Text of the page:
In Morocco, the growth of renewable and sustainable energies, the development of competitive green hydrogen industries, our growing connectivity with global markets, and the organization of a World Cup football tournament across two continents all testify to our vision of regional integration.

This is the action-oriented approach we have advocated at home, in the Kingdom of Morocco. Our ambition has manifested itself in concrete, precise sectoral actions; structured in detailed, verifiable action plans for adaptation, mitigation and decarbonization.

Ambitious as they may be, Our stated objectives are never just a stunt or an international publicity ploy. Rather, they are the fruit of programs and projects undertaken at the national level, first and foremost for us and by us. And I personally attach the greatest importance to their implementation and follow-up.

Excellencies, Ladies, and Gentlemen, 

In a persistently inequitable global system, Africa received $30 billion in annual climate financing flows in 2020, accounting for less than 12% of its needs. Although penalized and disadvantaged, the Continent has all the assets to become the global climate solution, the response to the 21st century’s major challenges. Nevertheless, the lack of active solidarity is significantly hampering the continent’s climate action.

The Annual Meetings of the World Bank and the International Monetary Fund (IMF) in Marrakech emphasized the urgent need to reform multilateralism and development financing, two levers that humanity established to address the challenges of the 20th century, and two levers in which we believe. This is the conviction that inspires the Moroccan presidency of the United Nations Environment Assembly.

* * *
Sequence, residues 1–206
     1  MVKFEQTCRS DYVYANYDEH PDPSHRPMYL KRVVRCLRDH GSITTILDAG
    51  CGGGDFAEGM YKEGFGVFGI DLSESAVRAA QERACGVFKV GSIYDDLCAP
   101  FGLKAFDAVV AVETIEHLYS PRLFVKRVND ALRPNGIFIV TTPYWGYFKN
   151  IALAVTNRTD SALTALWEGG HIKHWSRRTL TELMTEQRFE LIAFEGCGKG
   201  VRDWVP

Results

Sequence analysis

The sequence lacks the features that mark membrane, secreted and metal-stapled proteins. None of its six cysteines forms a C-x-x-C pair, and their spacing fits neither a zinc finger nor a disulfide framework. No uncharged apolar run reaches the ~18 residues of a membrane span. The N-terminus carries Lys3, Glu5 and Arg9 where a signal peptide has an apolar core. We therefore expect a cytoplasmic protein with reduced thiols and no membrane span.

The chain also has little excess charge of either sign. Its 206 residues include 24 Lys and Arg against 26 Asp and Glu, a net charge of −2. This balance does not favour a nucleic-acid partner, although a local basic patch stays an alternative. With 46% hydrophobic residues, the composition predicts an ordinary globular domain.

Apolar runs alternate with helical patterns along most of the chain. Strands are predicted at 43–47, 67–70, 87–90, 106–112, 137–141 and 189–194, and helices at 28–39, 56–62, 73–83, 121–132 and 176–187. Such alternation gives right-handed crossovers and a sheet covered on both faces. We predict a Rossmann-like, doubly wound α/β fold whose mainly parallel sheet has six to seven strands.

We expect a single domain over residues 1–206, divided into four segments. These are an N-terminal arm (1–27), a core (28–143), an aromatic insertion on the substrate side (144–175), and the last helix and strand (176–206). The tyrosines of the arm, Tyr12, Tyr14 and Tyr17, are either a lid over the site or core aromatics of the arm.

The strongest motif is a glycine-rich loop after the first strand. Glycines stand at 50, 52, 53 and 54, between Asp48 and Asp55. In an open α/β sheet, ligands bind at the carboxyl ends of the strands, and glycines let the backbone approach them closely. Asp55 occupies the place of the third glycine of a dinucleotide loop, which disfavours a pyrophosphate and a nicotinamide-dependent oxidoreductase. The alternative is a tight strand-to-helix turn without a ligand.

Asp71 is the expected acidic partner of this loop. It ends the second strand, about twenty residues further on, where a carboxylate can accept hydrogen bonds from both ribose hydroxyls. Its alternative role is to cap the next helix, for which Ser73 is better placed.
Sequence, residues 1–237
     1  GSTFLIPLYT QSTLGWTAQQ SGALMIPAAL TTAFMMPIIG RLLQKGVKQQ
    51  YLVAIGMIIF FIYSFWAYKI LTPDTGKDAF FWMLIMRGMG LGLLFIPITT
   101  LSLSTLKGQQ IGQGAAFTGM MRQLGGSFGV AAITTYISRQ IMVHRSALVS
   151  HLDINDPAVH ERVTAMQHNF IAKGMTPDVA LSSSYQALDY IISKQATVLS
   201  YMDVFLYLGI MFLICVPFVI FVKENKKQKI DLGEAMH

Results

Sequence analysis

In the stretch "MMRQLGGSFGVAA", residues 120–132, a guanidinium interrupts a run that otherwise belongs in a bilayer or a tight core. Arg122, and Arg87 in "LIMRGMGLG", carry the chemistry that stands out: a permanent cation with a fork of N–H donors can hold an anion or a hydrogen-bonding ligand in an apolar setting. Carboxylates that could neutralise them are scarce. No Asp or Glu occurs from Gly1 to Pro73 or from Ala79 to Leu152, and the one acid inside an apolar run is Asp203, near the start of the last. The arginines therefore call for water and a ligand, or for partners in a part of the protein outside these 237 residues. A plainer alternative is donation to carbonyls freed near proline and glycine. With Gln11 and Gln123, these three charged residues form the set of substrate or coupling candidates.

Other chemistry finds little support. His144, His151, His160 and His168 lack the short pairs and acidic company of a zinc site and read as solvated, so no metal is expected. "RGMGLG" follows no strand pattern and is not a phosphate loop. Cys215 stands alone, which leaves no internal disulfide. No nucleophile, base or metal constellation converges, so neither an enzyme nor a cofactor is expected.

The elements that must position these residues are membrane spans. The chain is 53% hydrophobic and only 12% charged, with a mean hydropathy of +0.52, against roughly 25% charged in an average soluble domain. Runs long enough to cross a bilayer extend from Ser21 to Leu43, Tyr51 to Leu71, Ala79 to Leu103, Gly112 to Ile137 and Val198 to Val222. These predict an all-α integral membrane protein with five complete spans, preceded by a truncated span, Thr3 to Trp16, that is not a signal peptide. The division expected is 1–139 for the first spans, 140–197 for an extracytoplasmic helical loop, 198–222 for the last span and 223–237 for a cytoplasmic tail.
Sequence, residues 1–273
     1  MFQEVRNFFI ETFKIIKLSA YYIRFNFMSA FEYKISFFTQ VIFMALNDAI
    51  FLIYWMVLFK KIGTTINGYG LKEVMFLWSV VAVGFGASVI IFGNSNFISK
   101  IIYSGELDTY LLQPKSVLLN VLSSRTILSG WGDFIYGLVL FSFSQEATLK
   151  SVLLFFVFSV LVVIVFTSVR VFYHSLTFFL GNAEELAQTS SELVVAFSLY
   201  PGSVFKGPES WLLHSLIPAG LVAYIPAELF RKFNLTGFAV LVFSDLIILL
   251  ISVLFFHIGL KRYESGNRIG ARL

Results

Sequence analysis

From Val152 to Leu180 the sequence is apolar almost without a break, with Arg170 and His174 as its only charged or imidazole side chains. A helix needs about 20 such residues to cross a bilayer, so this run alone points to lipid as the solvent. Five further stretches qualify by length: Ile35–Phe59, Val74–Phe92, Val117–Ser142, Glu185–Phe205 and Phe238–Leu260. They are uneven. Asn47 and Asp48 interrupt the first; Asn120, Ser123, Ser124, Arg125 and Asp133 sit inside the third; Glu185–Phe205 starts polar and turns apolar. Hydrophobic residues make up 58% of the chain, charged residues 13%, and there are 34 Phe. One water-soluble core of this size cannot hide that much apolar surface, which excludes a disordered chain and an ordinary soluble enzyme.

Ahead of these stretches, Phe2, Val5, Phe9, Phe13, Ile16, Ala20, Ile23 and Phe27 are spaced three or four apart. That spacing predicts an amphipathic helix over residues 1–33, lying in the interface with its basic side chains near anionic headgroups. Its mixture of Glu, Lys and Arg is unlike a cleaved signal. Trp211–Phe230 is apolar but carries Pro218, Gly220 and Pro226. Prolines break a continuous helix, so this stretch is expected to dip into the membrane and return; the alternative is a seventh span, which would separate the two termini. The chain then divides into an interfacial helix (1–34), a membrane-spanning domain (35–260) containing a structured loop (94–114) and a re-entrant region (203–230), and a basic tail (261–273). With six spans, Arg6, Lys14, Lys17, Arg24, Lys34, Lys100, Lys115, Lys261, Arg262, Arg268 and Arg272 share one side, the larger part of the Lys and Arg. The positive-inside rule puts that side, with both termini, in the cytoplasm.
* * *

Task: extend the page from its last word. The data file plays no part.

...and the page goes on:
In keeping with its commitment to Africa, Morocco is tirelessly pursuing the implementation of the resolutions of the First African Action Summit, held on the sidelines of COP22, particularly the operationalization of the three African Climate Commissions for the Congo Basin, the Sahel, and the African Island States.

The Kingdom’s active participation in groundbreaking, unifying regional initiatives aimed at better adapting African agriculture, reinforcing sustainability, stability and security on the Continent, and encouraging young Africans to lead on climate issues, testify to Morocco’s unwavering, multidimensional support for the tireless efforts of brotherly African countries.

While solidarity and adequacy are the principles of international climate action, we must beware of penalizing success.

Specifically, I would like to draw attention to middle-income countries, which are battling both socio-economic development and sustainable development. For these countries, including my own country, the Kingdom of Morocco, I call for more sustained and special attention from the international community.

Nothing less than justice would do. It is only fair that middle-income countries are not penalized for the progress they are achieving. We cannot expect them to accomplish more, while simultaneously granting them less access to the resources that underpin this progress. On the contrary, middle-income countries are the best climatic “Success Stories” to encourage and reward.

Excellencies, Ladies, and Gentlemen, 

Conflicting interests, occasionally with populist overtones, that favor short-termism are undermining credible multilateral action and jeopardizing the future of upcoming generations.

We reiterate our hope that the States Parties will demonstrate greater ambition, and work together to find collective responses to this shared challenge.

Accordingly, I wish to reaffirm Morocco’s commitment to pursuing its proactive action, aimed at leading the way not only in advocacy but also in suggesting solutions to preserve the future of mankind on our planet.

Thank you.

Wassalamou alaykoum warahmatou Allah wabarakatouh”.